When it comes to the world of Anglophone American comics, there’s a tendency to describe superheroes as mainstream even though quantitatively speaking they really aren’t and anything that doesn’t involve superheroes as alternative or indie. Maybe not always exactly the case, but the fact that outside of Archie Comics, best-selling children’s graphic novels and especially newspaper comics/cartoons so far in the Anglophone world (to my knowledge) much of comics pander to geeks.
Which means pandering a lot to what geeks are into, even if geeks aren’t always necessarily into everything geeky but it’s telling when a good number of comics published in the Anglophone world centre around what geeks like, be it manga, science fiction, fantasy, horror or superheroes with the non-manga, non-superhero, non-comic strip comics being kind of unpopular. At least up to the time webcomics showed up and even then, some of it’s based on what geeks like.
When it comes to crime and romance fiction, they used to be pretty common in comics and still are to some extent when it comes to Dick Tracy and Archie. But it is telling when the comics industry has come to pander a lot to geeks, especially so in North America when it comes to the Direct Market, that’s when they began phasing out a good number of comics that would appeal to non-geeky readers though it could’ve been complicated by censorship bodies like Comics Code.
It does get really strange when you realise that crime and romance novels regularly hit the bestsellers charts, which’s enough to make their authors rich or at least lead a comfortable life, don’t appear often in comics anymore. Either that readers’ tastes have changed, or the odd fact that outside of newspaper cartoons comics publishers have began catering a lot to a rarefied minority. That rarefied minority being geeks, so it’s easier to stick to a small but loyal audience than it is to reach out to many more.
Okay, that too may not always be the case even in prose fiction where literary fiction doesn’t always produce that much bestsellers compared to crime and romance. But it is strange that in the world of comics, outside of newspaper cartoons and Archie, romance and crime don’t seem to be very popular genres in comics compared to science fiction, horror, superheroes and fantasy.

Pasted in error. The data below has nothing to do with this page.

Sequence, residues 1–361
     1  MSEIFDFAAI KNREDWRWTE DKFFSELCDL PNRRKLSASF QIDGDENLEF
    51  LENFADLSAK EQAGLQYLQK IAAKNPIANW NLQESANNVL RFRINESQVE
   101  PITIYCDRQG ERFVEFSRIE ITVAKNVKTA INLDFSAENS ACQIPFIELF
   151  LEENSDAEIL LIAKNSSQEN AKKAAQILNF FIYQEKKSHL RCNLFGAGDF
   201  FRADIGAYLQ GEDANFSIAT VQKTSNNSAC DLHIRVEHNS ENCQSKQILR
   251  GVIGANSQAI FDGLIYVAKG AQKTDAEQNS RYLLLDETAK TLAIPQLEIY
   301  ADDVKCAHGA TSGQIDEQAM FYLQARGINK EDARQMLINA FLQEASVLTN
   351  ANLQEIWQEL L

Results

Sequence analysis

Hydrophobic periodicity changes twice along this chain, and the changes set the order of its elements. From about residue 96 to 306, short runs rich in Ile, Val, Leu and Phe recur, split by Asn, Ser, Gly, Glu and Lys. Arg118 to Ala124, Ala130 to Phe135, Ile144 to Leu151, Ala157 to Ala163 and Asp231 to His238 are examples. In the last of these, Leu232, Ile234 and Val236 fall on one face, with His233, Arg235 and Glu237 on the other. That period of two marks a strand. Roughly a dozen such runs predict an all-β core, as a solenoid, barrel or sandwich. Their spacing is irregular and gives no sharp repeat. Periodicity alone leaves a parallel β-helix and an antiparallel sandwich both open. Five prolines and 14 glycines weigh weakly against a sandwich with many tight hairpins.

Well at least these days, but it proves my point that much of comics publishing has come to pander to and actually stems from geeks. So much so that a good number of comics popular with those characters tends to centre around the kinds of stories they enjoy and read in prose fiction, so it’s something comics publishers have come to tap into and cater to them a lot. This may not always be the case for all comics publishers, but it’s telling.
This may not be the case for all graphic novels, as they are changing for the better when it comes to catering to a wider audience who aren’t big comics geeks. But it seems to me that many comics publishers have come to pander a lot to geeks, since they’re the more loyal readers and customers out there who’d patronise such a medium that they cater to them instead.
At least until recently and even then, it’s telling when a good number of comics published by many comics publishers tends to revolve around the sorts of stories geeks like to read that’s when you realise the (near) marginalisation of crime and romance with that audience. Even though these kinds of prose novels sell very well, they’re not the kinds of stories that attract a big geeky audience.
Even if there are geeks who’re into those kinds of things, it’s parsimonious to say that perhaps outside of certain stories (paranormal romance for instance) and some people there’s not much of a big crossover audience between those who read something like Miss Marple and those who read Starship Troopers, the latter is more likely to intersect with comics readers even if that may not always be the case either, but still.
It’s not that there aren’t any comics based on things normal people would be interested in, though the best examples are to be found in newspapers, but I think that’s what happens when you pander to geeks a lot. It may not always be the case, but when everything that isn’t about superheroes (and to an extent, anything speculative fiction) is considered alternative that’s what happens when you pander to geeks a lot.